Health

How to “Become” a Morning Person When You’re Just Not

An actual picture of me.

Let me be clear here: I am not a morning person and wasn’t ever in the past, even as a kid. I’ve tried everything to capture the zeal of my early-bird husband. He bustles about, chirping merrily like some very low-pitched bird while he makes me coffee. I, on the other hand, basically look like murder if anyone rouses me before 8 in the morning.

What have I tried, you may ask? Morning coffee, and no caffeine after 12 p.m. Special alarms. Forgoing technology at night. Light-blocking filters on my phone. Refusing to nap. Exercising in the morning. Opening the blinds to let light in. In each case my body not only resisted me but actually became more of a late sleeper, just for spite.

But here’s the thing (I imagine all the sleep-inners readying their spears). Most of the time you need to be a morning person. Hilariously, one of the reasons I decided to freelance full-time was the perk of leisurely mornings in athleisure (pjs). But then I got a writing and editing gig that was the opportunity I’d always wanted. The price of that gig? A 4:30 wakeup, and not the p.m. one.

I shouldn’t have been surprised. Everyone else in my life (save my mother-in-law, bless) gets up earlier than I do. By the time I arise, the day’s half over. I don’t believe that “the universe” is telling me anything—see also the relevant Amy Schumer/Bill Nye sketch—but I do believe that sometimes there are things that you’re “meant” to do. Even if it just means that a life change simplifies, fits better, and feels like the missing piece.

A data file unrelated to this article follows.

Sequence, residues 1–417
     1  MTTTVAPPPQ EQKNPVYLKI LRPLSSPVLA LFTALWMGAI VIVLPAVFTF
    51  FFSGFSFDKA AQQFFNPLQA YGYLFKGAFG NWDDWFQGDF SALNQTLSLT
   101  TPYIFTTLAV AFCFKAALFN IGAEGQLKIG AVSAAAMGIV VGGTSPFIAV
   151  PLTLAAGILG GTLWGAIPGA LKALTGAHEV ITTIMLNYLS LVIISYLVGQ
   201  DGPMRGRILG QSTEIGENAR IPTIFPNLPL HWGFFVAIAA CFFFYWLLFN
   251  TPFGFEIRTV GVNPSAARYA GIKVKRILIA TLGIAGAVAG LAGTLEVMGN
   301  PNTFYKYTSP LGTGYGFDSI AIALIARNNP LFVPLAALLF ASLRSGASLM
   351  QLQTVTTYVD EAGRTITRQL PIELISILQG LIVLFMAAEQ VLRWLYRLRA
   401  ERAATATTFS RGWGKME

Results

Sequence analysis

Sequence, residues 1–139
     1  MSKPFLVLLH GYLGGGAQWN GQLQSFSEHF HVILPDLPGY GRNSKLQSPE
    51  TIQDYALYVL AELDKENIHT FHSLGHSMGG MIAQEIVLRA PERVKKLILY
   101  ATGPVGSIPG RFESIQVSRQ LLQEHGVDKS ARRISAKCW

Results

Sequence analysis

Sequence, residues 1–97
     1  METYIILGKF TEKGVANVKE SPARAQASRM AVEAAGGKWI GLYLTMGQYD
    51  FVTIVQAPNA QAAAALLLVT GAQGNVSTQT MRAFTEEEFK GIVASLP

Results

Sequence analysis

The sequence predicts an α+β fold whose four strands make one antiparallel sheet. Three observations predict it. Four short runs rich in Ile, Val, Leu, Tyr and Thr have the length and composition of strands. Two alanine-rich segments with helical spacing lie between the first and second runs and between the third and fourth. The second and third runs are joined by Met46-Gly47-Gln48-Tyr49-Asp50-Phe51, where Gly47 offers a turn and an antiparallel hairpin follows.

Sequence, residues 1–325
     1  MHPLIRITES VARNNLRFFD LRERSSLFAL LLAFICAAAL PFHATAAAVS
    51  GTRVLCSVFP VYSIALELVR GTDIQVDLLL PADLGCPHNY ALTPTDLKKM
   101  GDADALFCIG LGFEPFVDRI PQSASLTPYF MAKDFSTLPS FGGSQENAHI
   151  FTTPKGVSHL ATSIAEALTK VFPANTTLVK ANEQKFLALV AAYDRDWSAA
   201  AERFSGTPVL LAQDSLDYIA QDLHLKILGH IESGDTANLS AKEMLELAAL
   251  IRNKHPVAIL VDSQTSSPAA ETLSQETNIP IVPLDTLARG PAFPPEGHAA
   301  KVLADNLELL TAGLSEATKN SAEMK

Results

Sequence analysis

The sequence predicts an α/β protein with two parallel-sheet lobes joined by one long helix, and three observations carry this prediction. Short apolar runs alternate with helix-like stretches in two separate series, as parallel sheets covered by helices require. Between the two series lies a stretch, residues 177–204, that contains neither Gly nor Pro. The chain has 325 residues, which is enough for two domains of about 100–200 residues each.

I was quite hopeful early on. Issa Rae, one of my heroes, said on Twitter,“I didn’t become a morning person until I started doing what I loved.” I’m doing what I love! I thought. In my mind, I’d wake up refreshed every morning and prance to my laptop like Snow White in a pink bathrobe.

I am here to tell you that this was misguided. After a brief optimistic period during which I flew out of bed like I was late for a morning flight, I descended into the depths of grogginess. My husband would come down, observe me in bed on my phone, and ask me if I was ever getting up. “I’m technically conscious!” I would shout from under the covers.

Then, in my paranoia over potentially missing deadlines, I started waking up before my alarm. Sometimes hours before. It was not refreshing, and I need my mental cognition to write. After I lived out my worst fear (accidentally writing “they’re” instead of “there”), I realized I needed to redouble my efforts at this whole up-early thing.

Now, I’ve cracked it. Here is my secret to becoming a morning person: recognizing I’m not a morning person.

I have simply accepted with as much grace as possible that my crabby ass will always be crabby. Instead, I create workarounds: annoying joyful Christmas music on my alarms (yes, alarms, more than one, even though I try to get up right away), an entirely shifted sleep schedule so that I’m getting up at 7 a.m. at the very latest, and forced ritual. I eat at the same time, brush my teeth at the same time, and get into bed around 9 p.m. after punching my timecard as an official old person.

It’s easy — you can do it too! I am now running solely on the power of my dreams and my hatred of getting up before the sun. It’s going better than it has been. Real talk: I’ll never enjoy it. But I love what I do, so it’s worth it (chugs fourth cup of coffee).




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